Albert Martin v. Northwestern Mutual Life Insur
NONPRECEDENTIAL DISPOSITION To be cited only in accordance with Fed. R. App. P. 32.1
United States Court of Appeals
For the Seventh Circuit Chicago, Illinois 60604 Submitted July 17, 2008* Decided July 24, 2008 Before JOEL M. FLAUM, Circuit Judge DIANE P. WOOD, Circuit Judge DIANE S. SYKES, Circuit Judge No. 081578 ALBERT J. MARTIN, PlaintiffAppellant, v. Nos. 05C209 & 05C1097 NORTHWESTERN MUTUAL LIFE INSURANCE COMPANY, DefendantAppellee. Rudolph T. Randa, Chief Judge. O R D E R Albert Martin sued his employer, Northwestern Mutual, alleging race, sex, and color discrimination and retaliation under Title VII of the Civil Rights Act, 42 U.S.C. § 1981, and the Americans with Disabilities Act. The district court granted summary judgment after determining that Martin failed to make a prima facie case for any of his claims. We affirm. Appeal from the United States District Court for the Eastern District of Wisconsin.
After examining the briefs and the record we have concluded that oral argument is unnecessary. Thus the appeal is submitted on the briefs and the record. See FED. R. APP. P. 34(a)(2).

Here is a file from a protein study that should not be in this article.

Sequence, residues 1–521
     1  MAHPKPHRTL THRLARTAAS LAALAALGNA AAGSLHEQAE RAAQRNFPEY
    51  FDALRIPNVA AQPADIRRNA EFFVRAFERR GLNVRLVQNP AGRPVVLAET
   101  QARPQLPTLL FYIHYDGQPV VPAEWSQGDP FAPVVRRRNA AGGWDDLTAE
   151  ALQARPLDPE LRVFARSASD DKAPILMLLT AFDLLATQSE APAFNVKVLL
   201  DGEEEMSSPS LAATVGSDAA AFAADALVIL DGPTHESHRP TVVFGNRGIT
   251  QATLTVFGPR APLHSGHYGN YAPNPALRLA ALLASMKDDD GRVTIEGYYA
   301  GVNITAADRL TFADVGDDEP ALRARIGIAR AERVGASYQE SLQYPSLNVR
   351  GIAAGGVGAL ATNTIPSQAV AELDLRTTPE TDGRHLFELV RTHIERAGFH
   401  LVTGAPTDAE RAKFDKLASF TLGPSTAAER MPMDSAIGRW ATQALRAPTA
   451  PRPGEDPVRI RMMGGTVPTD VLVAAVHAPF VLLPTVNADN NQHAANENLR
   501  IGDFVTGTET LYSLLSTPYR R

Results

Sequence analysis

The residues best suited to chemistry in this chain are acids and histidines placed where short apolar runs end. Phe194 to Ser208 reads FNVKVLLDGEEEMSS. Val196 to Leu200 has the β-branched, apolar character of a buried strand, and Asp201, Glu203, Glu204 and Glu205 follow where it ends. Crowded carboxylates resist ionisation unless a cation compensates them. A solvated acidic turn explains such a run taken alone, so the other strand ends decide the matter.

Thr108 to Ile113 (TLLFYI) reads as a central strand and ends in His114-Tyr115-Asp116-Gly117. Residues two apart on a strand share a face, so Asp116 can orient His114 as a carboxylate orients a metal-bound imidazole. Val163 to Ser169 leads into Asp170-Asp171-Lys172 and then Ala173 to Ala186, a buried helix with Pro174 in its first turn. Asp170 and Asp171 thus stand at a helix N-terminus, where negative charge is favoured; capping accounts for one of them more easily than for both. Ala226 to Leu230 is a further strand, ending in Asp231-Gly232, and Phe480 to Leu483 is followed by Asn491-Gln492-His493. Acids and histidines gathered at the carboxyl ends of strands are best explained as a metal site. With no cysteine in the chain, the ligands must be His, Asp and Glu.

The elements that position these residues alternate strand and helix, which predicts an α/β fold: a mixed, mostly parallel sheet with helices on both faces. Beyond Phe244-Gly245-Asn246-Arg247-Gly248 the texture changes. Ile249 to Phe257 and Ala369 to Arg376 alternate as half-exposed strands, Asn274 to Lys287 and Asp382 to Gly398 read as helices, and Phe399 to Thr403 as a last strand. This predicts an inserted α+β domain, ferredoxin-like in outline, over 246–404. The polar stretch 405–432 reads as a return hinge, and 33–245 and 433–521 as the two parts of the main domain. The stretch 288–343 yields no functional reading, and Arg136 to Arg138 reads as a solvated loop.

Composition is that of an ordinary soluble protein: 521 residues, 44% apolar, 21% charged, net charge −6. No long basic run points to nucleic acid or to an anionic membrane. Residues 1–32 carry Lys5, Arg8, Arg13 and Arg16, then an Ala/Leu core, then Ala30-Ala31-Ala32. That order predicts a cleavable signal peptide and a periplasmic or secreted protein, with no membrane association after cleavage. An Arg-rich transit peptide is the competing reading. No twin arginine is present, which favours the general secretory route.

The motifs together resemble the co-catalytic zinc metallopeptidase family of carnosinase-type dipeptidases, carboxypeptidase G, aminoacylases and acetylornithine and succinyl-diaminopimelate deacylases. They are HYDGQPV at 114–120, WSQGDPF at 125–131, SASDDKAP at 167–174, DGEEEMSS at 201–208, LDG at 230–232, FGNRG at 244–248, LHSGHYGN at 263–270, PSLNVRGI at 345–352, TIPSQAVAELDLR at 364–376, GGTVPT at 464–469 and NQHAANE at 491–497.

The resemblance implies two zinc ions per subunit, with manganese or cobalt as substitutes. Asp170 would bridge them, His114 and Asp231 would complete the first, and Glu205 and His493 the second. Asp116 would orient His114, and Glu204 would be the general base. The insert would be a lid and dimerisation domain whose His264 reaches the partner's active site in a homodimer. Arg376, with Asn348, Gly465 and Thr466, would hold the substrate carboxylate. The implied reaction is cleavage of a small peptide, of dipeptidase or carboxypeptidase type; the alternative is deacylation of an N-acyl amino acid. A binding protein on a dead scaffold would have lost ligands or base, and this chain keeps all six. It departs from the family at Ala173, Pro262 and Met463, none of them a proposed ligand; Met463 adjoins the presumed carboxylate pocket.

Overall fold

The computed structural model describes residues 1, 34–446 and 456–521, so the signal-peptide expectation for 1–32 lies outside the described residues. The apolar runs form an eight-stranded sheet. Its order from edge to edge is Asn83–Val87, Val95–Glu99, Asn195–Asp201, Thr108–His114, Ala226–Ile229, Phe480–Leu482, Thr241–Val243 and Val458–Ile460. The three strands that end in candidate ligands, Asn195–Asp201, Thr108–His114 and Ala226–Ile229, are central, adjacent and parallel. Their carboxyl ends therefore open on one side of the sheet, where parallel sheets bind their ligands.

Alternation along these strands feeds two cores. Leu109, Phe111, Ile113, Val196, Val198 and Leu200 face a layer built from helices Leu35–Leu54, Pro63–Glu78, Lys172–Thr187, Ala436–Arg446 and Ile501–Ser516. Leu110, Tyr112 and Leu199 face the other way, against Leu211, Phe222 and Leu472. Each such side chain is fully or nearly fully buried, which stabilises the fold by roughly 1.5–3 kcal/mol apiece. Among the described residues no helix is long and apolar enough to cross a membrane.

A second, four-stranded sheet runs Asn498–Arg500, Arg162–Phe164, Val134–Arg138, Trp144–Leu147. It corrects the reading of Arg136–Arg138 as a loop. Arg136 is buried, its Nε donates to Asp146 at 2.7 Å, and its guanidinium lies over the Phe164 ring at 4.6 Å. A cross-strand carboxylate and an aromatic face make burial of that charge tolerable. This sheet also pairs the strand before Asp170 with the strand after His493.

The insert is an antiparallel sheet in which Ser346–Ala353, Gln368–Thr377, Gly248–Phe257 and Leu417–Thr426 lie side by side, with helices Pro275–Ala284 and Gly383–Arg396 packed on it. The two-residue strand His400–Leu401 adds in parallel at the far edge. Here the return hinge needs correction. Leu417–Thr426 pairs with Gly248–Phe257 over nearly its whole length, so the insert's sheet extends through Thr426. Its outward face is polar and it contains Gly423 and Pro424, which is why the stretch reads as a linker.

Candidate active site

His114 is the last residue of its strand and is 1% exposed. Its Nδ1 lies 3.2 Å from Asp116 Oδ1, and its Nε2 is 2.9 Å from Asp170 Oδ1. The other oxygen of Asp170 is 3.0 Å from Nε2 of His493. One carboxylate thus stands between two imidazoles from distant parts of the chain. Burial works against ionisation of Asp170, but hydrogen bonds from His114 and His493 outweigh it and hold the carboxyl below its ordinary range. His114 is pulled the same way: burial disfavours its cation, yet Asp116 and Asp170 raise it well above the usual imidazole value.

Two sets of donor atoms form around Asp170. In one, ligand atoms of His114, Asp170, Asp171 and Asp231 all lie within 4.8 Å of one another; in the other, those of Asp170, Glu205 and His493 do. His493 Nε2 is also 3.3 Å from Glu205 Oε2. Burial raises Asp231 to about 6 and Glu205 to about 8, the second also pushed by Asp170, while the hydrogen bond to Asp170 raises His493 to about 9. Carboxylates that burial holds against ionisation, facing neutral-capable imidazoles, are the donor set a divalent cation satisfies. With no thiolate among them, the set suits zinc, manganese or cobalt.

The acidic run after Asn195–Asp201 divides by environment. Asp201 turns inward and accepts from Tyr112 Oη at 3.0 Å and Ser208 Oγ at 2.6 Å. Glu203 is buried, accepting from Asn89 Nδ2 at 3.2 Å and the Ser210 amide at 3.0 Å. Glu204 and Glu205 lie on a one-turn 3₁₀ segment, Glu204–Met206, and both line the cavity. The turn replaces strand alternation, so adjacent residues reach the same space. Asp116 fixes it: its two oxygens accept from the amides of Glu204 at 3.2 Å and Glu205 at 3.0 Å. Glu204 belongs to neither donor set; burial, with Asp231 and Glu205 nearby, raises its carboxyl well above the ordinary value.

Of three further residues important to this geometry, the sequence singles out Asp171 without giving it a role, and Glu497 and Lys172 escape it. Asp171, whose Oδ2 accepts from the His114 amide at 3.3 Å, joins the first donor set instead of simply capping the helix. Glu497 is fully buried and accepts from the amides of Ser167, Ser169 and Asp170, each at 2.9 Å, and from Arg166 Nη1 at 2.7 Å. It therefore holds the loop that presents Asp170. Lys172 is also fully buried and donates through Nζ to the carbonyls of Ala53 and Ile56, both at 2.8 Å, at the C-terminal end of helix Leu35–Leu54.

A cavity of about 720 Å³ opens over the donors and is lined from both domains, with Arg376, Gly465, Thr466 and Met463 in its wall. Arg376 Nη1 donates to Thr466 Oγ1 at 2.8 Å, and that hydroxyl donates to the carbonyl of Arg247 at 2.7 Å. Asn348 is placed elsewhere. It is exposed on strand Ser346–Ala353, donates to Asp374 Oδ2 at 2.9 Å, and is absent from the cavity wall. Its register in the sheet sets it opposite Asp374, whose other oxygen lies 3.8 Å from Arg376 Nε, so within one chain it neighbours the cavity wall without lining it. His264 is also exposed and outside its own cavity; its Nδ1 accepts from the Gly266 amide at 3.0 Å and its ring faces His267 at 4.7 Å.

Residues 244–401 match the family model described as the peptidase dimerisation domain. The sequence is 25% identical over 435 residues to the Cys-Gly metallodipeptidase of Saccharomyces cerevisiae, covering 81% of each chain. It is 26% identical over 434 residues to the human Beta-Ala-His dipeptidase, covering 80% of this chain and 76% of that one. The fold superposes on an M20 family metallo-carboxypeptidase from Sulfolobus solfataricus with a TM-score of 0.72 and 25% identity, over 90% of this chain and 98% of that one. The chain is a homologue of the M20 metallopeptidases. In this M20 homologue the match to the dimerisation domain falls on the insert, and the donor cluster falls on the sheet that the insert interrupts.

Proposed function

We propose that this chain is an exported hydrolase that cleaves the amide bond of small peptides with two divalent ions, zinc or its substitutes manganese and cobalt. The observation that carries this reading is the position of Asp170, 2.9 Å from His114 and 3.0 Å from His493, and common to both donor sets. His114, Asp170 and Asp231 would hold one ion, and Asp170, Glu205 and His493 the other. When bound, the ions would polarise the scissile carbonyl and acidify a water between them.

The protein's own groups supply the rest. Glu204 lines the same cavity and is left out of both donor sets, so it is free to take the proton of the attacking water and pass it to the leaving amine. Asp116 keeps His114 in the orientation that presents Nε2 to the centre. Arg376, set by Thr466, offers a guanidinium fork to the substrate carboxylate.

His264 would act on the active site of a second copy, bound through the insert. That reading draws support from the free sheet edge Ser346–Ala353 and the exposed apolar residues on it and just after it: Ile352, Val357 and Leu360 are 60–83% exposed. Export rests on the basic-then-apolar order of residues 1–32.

Martin is an AfricanAmerican male. He suffers from anxiety disorder, agoraphobia, and social phobia, and he takes prescription medication. Martin started work with Northwestern Mutual in 1997, and in January 2002 he began working in the information systems department as a program analyst, where he was supervised by Barbara Joslin. In 2003 problems surfaced in Martin's performance and in his relationship with his supervisors. Joslin and Human Resources noted that Martin became upset when confronted with criticism of his performance. He discarded feedback without considering it, often attempted to excuse his mistakes by claiming that he was "new," did not contribute at meetings, and did not use his own resources to solve his difficulties before seeking outside help. By late 2003 Martin was upset that he was not receiving additional training on some of the company's computer systems, and he wrote to Human Resources that he was "beyond furious." He continued to express dissatisfaction through the spring of 2004. But all the while, his supervisors had determined that he was not ready for additional training. In their opinion, he was not performing his existing duties satisfactorily and was not ready for new tasks or additional responsibility. When Martin attended training, he often asked questions that showed his knowledge was far behind his coworkers. Some of them accused him of taking time away from their own learning and pointed out that he browsed the internet and did not listen to the answers to his own questions. Towards mid2004, managers informed Martin that he was barely meeting expectations and had to improve or his work would fall below company standards. Martin became angry about the criticism with his supervisor, Joslin, yelling and wagging his finger in her face. He called one of his supervisors a liar and intoned that he would get her fired by proving her "lies" to Human Resources, who would "take care of her." Joslin was frightened by Martin's behavior, and she was not the only one. With clenched fists and raised voice, Martin approached John Dowell, the Director of Diversity for Northwestern Mutual, complaining about the "exaggerations" of his supervisors. Dowell retreated in fear. Martin told Joslin he would "hang [her] in court," and he was so angry that Dowell sent him home early. The company required Martin to take about a week off of work while he attended its Employee Assistance Program to ensure he was not dangerous or suicidal. In July 2004 Northwestern Mutual offered Martin his job back with a warning that he must behave respectfully and not intimidate others. In August, the company told Martin it was pleased with his progress. This was also the time the company received notice from the EEOC of Martin's discrimination claims. In October, the company addressed additional performance concerns with Martin, which so upset Martin that he stormed out of a meeting with supervisors. Joslin was so shaken by his behavior that she contacted security about her fear that he may harm her, rearranged her office furniture so that she faced the door, asked